According to El Pais, players, coaches, and all employees of Sócrates ' then club Corinthians, agreed to make internal decisions by means of a vote in which everyone’s vote counted equally.

Brazil officially transitioned backed to a democracy when José Sarney assumed the presidency in 1985.

The iconic nation forming kick of Zvonimir Boban

The iconic image of Boban kicking the police officer.

The iconic image of Boban kicking the police officer.

Credit: X/@_forgottenfooty

Zvonimir Boban, to many modern day football fans, is not a name that one would recognise quickly, though he won many Scudettos and even a UCL for AC Milan.

But show any Croat the iconic photo above, and they will tell you that it was this kick from Boban that was that birthed their nation.

On May 13, 1990, when tensions were high in Yugoslavia, and football hooliganism was at its peak in the country, Dinamo Zagreb were playing a match against Red Star Belgrade. During the match, a few violent fans made their way onto the pitch.

Boban, who spotted a police officer beating a Dinamo fan, ran over and karate kicked the official in the face, letting his displeasure known to them.

This led to Belgrade fans tearing down the Stadion Maksimir, while the police just watched it happen. Boban infamously said, "Where is the police? Where is the bloody police?", according to serieaweekly.com.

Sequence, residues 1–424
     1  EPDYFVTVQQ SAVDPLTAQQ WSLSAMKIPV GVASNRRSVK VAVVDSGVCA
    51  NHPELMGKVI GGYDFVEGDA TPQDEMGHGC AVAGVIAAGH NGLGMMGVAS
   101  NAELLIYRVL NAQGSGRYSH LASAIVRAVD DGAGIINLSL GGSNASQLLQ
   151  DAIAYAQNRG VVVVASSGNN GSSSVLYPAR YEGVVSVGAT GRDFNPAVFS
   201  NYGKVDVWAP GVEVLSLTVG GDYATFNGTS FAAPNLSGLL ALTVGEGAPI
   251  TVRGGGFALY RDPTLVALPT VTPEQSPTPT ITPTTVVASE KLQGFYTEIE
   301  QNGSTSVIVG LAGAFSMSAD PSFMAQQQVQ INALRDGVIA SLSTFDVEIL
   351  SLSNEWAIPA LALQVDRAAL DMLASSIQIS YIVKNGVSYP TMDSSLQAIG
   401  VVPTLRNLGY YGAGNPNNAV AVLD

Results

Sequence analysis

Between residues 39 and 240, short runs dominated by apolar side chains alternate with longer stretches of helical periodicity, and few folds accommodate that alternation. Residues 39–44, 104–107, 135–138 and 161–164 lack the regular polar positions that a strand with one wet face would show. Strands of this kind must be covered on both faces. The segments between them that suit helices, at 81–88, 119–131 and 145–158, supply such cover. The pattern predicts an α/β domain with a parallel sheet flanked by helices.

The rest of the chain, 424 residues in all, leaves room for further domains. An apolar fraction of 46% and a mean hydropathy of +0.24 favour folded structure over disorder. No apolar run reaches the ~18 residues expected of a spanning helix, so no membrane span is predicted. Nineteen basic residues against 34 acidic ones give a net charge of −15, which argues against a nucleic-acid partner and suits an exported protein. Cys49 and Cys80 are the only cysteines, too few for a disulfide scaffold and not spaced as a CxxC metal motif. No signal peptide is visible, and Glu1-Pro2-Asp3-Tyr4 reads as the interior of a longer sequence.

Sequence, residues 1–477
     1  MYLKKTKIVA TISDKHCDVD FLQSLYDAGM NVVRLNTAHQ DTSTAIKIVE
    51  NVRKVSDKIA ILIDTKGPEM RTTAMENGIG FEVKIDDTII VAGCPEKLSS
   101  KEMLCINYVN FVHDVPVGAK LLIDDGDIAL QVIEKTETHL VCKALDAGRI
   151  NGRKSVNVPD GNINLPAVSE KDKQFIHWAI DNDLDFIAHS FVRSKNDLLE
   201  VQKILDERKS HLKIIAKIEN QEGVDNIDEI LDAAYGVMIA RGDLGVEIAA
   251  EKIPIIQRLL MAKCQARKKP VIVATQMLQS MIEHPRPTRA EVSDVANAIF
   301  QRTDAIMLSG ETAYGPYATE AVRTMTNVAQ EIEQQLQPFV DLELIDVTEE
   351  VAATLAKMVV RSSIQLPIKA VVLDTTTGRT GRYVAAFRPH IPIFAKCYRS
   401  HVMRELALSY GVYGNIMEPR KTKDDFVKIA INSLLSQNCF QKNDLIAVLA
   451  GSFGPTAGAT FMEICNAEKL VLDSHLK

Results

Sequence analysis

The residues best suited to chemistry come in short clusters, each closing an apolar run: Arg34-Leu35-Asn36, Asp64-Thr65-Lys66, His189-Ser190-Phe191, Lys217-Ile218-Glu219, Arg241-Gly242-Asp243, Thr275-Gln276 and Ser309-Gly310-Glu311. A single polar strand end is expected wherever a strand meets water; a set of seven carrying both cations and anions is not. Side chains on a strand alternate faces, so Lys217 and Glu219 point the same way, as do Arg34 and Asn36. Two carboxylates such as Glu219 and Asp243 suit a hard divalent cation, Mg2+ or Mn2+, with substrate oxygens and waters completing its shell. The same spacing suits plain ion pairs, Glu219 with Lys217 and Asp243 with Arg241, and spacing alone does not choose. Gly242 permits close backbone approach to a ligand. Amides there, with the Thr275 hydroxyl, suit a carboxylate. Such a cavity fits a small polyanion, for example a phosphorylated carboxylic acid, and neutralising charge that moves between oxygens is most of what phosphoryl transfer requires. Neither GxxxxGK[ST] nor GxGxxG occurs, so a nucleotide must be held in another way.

The incident is said to have deepened the feelings of separatism and inspired many Croats to join the war of independence, which later led to the formation of Croatia. The kick itself is seen was a symbol of the uprising against the 70-year Serbian domination in Yugoslavia.

In 1998, Boban led Croatia as captain to 3rd place in their first World Cup participation post-independence.

Lucarelli, communism and Serie-A refs

Cristiano Lucarelli.

Cristiano Lucarelli. 

Credit: X/@garistengah_id

Unlike most footballers, to Cristiano Lucarelli, his political ideology was his identity. An avid believer of communism, he expressed his views through various gestures throughout his career.

Most famously, when playing for Livorno, a club with communist ideals, he had said, “we [Livorno] get no favors from the referees because we are Communists!”, words that he later retracted according to Mirror.

The lover letters of Zapatistas and Zanetti

Javier Zanetti.

Javier Zanetti.

Credit: X/@javierzanetti

The Zapatistas movement, once an armed revolution with the intention of fighting for indigenous rights, resources and protection in the Chiapas region, had started to slowly become a political entity in Mexico and gain international recognition.

How they managed to find their way into the heart of former Argentinian side-back Javier Zanetti is unknown, but they left a deep impression on him.

In 2004, when they were at the height of media recognition, the Zapatistas movement received aid from Zanetti in form of changing room fines, an ambulance, football gear and an Inter Milan shirt with his name and number on the back, as reported by Vice.

Along with the aid was a letter that read, "We believe in a better world, an unglobalised world, enriched by the cultural differences and customs of all the people. This is why we want to support you in this struggle to maintain your roots and fight for your ideals."

In reply, the Zapatistas said, "We know that we are not alone on the path of this struggle."

Zanetti was the reason Inter formed a close relationship with the Zapatistas, and through them, the people of Chiapas. The Argentinian still engages in a lot of charitable work, especially for the poor.

(With Reuters' inputs)

Published 19 June 2024, 17:04 IST